Direct Non-linear


TABLE 2 Analysis of Some Sorption

Data According to the GAB Equa-

tion Dried fruit


AHc (kJlmo1)


Al& (wlmol)



0.0002 0.0019 0.0006 0.8140 0.0156 1.2440 0.0573

22.50 14.60 18.50 1.11 10.50 -0.08 5.70

1.22 1.44 1.42 1.31 1.30 1.28 1.58

-0.531 - 0.980 - 0.994 - 0.800 - 0.793 - 0.746 - 1.341

0.900 0.710 0.680 1.064 1.280 0.581 1.350


Prunes’ Dates(Fard) Raisins’ Dates (Khalas) Currantsc

9.7 11.7 12.6 13.9 14.0 14.4 17.3

Blueberries’ Dates (Khadrawy)d

17.4 18.4

0.0048 0.2460

13.80 3.49

1.12 1.92

-0.653 - 2.124

1.909 1.822




“Standard error. bPercent relative mean square. ‘Data taken from Lim et al. (1995). dData taken from Rygg (1948). N/A: not applicable.

N/A N/A 9.191

N/A 9.011

N/A 5.434 3.952

Moisture sorption isotherms and chemical composition of Omani dates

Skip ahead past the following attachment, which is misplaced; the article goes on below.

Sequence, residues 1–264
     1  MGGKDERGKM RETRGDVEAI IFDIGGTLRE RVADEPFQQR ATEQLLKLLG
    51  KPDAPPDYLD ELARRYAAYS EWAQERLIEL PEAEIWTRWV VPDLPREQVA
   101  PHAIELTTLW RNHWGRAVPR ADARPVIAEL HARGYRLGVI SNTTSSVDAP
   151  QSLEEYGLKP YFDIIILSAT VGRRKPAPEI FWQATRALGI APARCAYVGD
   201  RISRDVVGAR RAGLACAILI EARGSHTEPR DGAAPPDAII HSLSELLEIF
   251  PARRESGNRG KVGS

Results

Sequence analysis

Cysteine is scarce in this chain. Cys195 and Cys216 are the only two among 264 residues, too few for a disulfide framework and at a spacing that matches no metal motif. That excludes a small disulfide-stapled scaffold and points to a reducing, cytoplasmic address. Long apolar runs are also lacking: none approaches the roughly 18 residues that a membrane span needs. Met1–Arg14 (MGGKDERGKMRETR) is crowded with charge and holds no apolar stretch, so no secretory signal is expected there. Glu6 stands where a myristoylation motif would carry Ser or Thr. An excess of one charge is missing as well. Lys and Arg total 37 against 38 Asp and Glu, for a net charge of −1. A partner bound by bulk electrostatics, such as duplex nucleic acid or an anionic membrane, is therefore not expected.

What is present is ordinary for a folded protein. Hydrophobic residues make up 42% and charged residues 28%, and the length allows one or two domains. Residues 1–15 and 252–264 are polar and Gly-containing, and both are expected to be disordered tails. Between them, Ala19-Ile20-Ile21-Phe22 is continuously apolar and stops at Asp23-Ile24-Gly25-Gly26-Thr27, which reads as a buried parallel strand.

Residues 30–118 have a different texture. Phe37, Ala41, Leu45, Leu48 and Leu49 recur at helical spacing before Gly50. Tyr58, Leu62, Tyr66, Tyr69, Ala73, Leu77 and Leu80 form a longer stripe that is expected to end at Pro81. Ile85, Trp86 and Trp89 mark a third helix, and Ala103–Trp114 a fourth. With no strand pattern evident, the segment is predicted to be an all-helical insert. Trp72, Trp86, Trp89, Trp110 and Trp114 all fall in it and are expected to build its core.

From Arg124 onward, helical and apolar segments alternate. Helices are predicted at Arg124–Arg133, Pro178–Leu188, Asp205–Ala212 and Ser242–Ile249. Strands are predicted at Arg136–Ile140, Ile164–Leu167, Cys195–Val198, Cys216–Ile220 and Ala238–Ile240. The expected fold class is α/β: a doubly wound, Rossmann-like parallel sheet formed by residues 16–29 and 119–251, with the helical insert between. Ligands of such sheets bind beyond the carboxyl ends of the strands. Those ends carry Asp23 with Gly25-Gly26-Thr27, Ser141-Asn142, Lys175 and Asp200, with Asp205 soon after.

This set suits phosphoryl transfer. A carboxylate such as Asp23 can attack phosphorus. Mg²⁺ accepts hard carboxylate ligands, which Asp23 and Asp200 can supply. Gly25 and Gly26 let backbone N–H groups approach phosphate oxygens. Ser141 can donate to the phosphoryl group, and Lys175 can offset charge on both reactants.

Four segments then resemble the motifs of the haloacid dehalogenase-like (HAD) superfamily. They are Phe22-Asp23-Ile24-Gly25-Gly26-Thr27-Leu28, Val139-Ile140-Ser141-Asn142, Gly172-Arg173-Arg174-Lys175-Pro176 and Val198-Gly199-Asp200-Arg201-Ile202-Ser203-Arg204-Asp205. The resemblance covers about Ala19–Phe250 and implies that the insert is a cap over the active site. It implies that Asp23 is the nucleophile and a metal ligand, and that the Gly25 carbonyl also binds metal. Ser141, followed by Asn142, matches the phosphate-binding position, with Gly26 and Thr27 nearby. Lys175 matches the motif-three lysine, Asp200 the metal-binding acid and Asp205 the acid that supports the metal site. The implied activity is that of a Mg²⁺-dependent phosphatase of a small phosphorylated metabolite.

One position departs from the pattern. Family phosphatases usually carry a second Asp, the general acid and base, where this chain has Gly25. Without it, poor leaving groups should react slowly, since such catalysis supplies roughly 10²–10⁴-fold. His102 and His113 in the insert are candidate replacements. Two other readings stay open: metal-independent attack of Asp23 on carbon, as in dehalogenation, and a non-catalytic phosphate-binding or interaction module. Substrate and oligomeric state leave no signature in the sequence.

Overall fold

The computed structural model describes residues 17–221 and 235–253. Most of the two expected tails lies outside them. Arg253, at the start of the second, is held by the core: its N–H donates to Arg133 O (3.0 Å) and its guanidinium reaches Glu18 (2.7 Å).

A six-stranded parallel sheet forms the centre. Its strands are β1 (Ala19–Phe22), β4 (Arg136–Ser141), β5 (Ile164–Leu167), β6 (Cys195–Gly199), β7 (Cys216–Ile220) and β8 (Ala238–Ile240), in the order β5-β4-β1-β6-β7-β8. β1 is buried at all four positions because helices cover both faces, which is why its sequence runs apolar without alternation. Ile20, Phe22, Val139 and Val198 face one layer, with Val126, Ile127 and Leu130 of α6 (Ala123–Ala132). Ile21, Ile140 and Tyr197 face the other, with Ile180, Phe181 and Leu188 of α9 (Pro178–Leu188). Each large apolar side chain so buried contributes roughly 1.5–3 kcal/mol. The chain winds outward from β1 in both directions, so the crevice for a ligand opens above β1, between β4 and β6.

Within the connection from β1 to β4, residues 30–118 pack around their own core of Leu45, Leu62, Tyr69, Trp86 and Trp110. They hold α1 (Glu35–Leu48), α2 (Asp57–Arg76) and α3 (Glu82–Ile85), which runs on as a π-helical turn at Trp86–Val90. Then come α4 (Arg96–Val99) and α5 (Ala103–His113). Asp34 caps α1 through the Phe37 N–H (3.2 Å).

of NSP, should have a larger X, value. The fact that it does not indicates that other factors, such as crystalline sugar dissolution, are complicating the relationship between total carbohydrate content and water activity. Isothermal thermodynamic issues The evaporation of water from dates requires energy to overcome the heat of evaporation of pure water, plus the energy needed to overcome hydrogen bonding between water and polyhydroxyl compounds. The enthalpy required to achieve this is low at high water contents and increases at lower water content. AH, represents the difference in enthalpy between the monolayer and multilayer sorption. In the present study, AH, values were estimated at 1.11 and -0.08 kJ/mol (Table 2) for Fard and Khalas, respectively. The positive AH, value for Fard indicates stronger bonds between solids and monolayer water molecules than between monolayer and multilayer water molecules. For Khalas the slight negative value is a result of the endothermic dissolution of sugar crystals. Fruits such as dates, which may contain large amounts of crystalline sugars may yield unusual GAEI parameters at higher equilibrium moisture contents, as is the case with Khalas. Isosteric thermodynamic issues As moisture content increased for both date varieties (Fig. 2(a,b), Qst decreased from 8.71 kJ/mol for Fard (9.38 kJ/mol Khalas) at 3.8% moisture, to - 1.57 kJ/mol for Fard (- 1.64 kJ/mol Khalas) at 40% moisture. These trends, similar to those of apricot, fig and raisin (Ayranci et al., 1990) indicate weaker interactions between date solids and water, as well as the endothermic dissolution of sugars at higher equilibrium moisture contents.